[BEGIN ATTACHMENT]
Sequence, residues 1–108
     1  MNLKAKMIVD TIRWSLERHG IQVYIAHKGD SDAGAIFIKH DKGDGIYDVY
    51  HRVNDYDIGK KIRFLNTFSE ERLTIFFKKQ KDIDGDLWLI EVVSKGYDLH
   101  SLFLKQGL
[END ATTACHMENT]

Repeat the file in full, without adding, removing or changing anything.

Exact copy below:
Sequence, residues 1–108
     1  MNLKAKMIVD TIRWSLERHG IQVYIAHKGD SDAGAIFIKH DKGDGIYDVY
    51  HRVNDYDIGK KIRFLNTFSE ERLTIFFKKQ KDIDGDLWLI EVVSKGYDLH
   101  SLFLKQGL